Regulation of point sources • Tech based effluent standards • EPA sets • earlier version of clean water act had states setting but they didn’t do it • low state discretion on application of act • National Pollutant Discharge System –must have a permit to discharge • Technology standard for Sewage treatment plants • up to 85% of costs available from US! • grants now gone and waivers common

Sewage Treatment • This was a very big deal in terms of water quality • NYC now again has shipworms eating the remaining wooden piers • Can swim within city limits. Safely. • Might be able to eat Mussels, Clams and Oysters, all back in force. No one has enough nerve. Yet.

Non Sewage • Industrial sources have TBES • some say that the TBES are tantamount to a technology standard because doing what EPA says seems to grant immunity • Existing sources now held to Best Available Control Tech. (more stingent than best practicable which has cost/benefit test, which BAT does not. • backlash • now confused system depends upon toxicity • new sources more stringent regs.

Non Point Water Pollution • epa leaves to the states • evaded. • Don’t know where new regs of CAFO’s fit.

Ambient • Total Daily Maximum Loads for waterways need be prepared by states • Courts are forcing promulgation of TDMLs • not clear how are enforced once promulgated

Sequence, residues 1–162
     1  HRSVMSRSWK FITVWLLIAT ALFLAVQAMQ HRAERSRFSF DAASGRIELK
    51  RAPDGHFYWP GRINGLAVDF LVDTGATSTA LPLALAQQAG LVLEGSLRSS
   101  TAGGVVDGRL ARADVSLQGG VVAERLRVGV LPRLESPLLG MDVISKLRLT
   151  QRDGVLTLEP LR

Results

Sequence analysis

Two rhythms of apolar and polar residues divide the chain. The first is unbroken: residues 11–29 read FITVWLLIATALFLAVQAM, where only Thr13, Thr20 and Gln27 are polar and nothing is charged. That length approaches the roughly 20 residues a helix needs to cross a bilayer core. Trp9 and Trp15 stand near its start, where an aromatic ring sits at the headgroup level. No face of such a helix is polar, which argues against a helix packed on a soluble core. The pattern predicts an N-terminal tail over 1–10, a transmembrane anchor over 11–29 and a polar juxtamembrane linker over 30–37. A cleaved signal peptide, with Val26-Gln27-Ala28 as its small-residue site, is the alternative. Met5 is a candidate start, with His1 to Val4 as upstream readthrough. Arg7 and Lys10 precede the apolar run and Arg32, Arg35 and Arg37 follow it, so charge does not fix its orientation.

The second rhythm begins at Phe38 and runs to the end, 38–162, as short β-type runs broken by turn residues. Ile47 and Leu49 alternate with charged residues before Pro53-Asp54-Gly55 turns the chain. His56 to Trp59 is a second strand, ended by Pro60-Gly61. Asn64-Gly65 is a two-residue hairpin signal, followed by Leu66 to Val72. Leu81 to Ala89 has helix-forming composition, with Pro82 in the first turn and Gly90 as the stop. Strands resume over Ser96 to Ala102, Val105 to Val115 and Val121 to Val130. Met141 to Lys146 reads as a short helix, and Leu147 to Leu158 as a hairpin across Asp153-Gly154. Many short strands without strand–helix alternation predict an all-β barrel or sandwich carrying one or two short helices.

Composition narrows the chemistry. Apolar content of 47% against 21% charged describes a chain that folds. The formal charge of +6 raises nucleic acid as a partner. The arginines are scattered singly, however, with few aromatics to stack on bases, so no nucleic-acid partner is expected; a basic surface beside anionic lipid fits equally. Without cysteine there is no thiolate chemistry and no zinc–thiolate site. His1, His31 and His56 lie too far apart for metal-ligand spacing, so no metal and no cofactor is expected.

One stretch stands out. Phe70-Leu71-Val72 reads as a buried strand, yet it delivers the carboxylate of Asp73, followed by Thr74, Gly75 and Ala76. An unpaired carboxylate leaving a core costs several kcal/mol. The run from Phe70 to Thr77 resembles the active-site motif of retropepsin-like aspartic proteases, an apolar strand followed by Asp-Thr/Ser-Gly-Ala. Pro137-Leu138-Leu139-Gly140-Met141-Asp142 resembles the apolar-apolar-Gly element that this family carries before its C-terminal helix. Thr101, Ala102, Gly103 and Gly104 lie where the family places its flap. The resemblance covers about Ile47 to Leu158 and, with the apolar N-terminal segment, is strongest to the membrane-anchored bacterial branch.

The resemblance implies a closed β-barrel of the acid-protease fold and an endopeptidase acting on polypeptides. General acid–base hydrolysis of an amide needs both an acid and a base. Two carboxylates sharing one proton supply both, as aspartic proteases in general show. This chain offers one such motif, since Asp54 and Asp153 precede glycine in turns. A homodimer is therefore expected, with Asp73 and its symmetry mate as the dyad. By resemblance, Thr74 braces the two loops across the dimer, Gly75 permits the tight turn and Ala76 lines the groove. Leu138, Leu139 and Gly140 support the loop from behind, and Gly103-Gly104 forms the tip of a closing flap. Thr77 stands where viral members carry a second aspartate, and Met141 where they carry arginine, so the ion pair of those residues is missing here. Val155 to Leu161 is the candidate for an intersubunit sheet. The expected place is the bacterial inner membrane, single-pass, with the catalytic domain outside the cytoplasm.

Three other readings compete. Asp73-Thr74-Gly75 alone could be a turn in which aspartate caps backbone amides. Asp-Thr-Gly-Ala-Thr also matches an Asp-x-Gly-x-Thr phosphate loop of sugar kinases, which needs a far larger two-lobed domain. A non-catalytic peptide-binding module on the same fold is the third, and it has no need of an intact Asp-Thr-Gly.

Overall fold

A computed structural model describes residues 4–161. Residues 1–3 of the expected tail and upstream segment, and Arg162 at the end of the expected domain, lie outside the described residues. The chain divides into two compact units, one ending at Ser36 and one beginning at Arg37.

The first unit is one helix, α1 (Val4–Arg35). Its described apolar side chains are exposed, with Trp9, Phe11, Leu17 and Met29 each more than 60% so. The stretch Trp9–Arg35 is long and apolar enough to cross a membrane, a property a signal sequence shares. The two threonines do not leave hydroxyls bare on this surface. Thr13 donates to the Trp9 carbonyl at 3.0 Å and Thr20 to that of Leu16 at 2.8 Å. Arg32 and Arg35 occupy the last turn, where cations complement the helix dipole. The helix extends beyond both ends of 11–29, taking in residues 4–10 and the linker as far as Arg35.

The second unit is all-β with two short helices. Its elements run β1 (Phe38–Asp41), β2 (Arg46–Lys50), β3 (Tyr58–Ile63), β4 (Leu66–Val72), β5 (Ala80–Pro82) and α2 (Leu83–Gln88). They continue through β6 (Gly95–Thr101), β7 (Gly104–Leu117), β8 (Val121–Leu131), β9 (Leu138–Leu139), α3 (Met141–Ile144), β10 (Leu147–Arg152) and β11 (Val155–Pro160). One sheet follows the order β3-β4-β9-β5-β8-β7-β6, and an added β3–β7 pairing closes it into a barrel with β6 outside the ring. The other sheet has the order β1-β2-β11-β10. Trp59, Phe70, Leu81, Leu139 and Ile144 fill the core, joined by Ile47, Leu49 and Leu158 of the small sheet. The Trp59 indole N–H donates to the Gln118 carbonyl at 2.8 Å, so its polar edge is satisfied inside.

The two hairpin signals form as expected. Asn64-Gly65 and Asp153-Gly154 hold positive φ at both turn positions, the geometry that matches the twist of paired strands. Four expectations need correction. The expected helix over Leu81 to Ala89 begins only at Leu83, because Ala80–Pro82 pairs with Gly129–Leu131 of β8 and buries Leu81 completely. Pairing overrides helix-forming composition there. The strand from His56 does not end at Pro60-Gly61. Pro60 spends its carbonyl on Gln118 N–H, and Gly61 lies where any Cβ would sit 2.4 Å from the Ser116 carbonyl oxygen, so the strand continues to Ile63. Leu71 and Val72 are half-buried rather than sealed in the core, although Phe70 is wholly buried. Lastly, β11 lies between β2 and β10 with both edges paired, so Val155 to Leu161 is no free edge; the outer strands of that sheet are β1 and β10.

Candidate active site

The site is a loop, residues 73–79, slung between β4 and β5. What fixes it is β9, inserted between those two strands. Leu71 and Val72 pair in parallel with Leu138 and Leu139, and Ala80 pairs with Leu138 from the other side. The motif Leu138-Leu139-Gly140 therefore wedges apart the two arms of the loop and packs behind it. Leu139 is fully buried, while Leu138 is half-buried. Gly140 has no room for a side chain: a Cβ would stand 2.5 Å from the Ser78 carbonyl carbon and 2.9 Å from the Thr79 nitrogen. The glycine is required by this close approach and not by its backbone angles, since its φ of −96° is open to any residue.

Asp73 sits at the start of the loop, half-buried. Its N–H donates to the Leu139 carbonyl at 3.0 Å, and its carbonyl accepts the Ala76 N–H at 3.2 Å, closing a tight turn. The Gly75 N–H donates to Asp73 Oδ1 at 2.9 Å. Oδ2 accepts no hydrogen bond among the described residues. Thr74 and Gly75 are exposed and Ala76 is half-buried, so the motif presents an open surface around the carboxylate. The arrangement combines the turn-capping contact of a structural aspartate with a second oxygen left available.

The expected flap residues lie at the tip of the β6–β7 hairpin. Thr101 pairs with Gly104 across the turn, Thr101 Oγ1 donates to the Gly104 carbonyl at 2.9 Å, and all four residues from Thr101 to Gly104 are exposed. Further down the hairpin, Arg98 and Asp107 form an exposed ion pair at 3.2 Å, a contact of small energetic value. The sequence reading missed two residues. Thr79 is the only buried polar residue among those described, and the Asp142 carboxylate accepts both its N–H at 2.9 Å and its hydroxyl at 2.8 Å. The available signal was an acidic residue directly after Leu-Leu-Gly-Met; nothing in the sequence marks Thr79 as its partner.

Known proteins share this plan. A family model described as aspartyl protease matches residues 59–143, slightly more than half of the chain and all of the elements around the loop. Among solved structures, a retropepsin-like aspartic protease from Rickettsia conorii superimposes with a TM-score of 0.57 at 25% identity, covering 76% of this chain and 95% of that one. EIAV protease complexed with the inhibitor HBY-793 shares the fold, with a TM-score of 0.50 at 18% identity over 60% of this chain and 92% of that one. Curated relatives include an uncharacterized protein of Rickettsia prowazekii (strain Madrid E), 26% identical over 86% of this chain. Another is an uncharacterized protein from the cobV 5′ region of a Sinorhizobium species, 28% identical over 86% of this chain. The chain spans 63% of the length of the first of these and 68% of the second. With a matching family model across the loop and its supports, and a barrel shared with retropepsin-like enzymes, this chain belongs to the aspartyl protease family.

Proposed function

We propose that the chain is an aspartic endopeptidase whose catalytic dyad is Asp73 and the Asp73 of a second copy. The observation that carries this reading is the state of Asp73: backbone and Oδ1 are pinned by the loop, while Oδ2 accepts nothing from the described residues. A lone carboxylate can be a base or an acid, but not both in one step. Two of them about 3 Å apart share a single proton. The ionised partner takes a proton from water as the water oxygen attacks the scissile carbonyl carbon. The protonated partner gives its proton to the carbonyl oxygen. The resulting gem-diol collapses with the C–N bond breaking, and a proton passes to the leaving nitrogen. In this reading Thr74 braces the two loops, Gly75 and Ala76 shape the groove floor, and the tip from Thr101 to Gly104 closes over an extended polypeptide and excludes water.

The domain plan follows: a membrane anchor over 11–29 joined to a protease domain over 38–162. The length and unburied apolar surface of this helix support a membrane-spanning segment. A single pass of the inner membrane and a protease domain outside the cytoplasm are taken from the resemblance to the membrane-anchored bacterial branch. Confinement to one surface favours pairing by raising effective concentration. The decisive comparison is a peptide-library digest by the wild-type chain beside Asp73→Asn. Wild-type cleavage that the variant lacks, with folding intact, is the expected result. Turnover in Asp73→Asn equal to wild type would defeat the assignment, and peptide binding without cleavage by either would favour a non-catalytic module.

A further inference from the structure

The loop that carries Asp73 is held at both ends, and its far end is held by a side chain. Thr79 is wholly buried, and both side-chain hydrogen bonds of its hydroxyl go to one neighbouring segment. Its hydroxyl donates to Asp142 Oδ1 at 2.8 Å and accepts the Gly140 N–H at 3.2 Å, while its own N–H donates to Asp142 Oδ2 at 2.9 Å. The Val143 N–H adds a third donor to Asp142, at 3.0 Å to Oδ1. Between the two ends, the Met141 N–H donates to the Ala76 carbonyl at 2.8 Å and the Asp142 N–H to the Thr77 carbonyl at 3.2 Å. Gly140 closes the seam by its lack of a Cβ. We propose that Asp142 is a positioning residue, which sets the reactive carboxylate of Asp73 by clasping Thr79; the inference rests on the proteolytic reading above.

LEDPA Process • Section 404 requires preservation of wetlands. • It is very rough. First have to show that the project can’t be done somewhere else. Hard showing. • Then have to mitigate. For instance buy the salt ponds in SF bay and return them to wetlands in exchange for a runway.

Limitations • To navigable waterways of the US. (also a claim under commerce clause) • An non connected quarry isn’t a wetland. • A vernal pool that eventually makes it into a river is. • Navigable means could drag a canoe up it. • So most waterways in US fall within act.

Water • The dual role setup of the cleanwater act is not duplicated in the clean air act. • EPA doesn’t have such a direct role in setting standards and forcing the local agencies to “make it so. ”

Pesticides--registered and permitted • now being de-registered • residue controlled • leaking to groundwater regulated by state

Resource Conservation and Recovery Act • Toxic waste • Manifest--tracking of waste • Proper disposal • Very different from Mexico where there are not sufficient dumps and there is no tracking. Barrels fall off trucks.

Superfund • CERCLA--Superfund • Fund to pay for cleanup of old wastes • Original money was tax on chem industry • To be replenished by payments from polluters • Love Canal • • Burried waste in old canal School District took land for school Barrels resurfaced and killed yards Hence an act to take care of things like this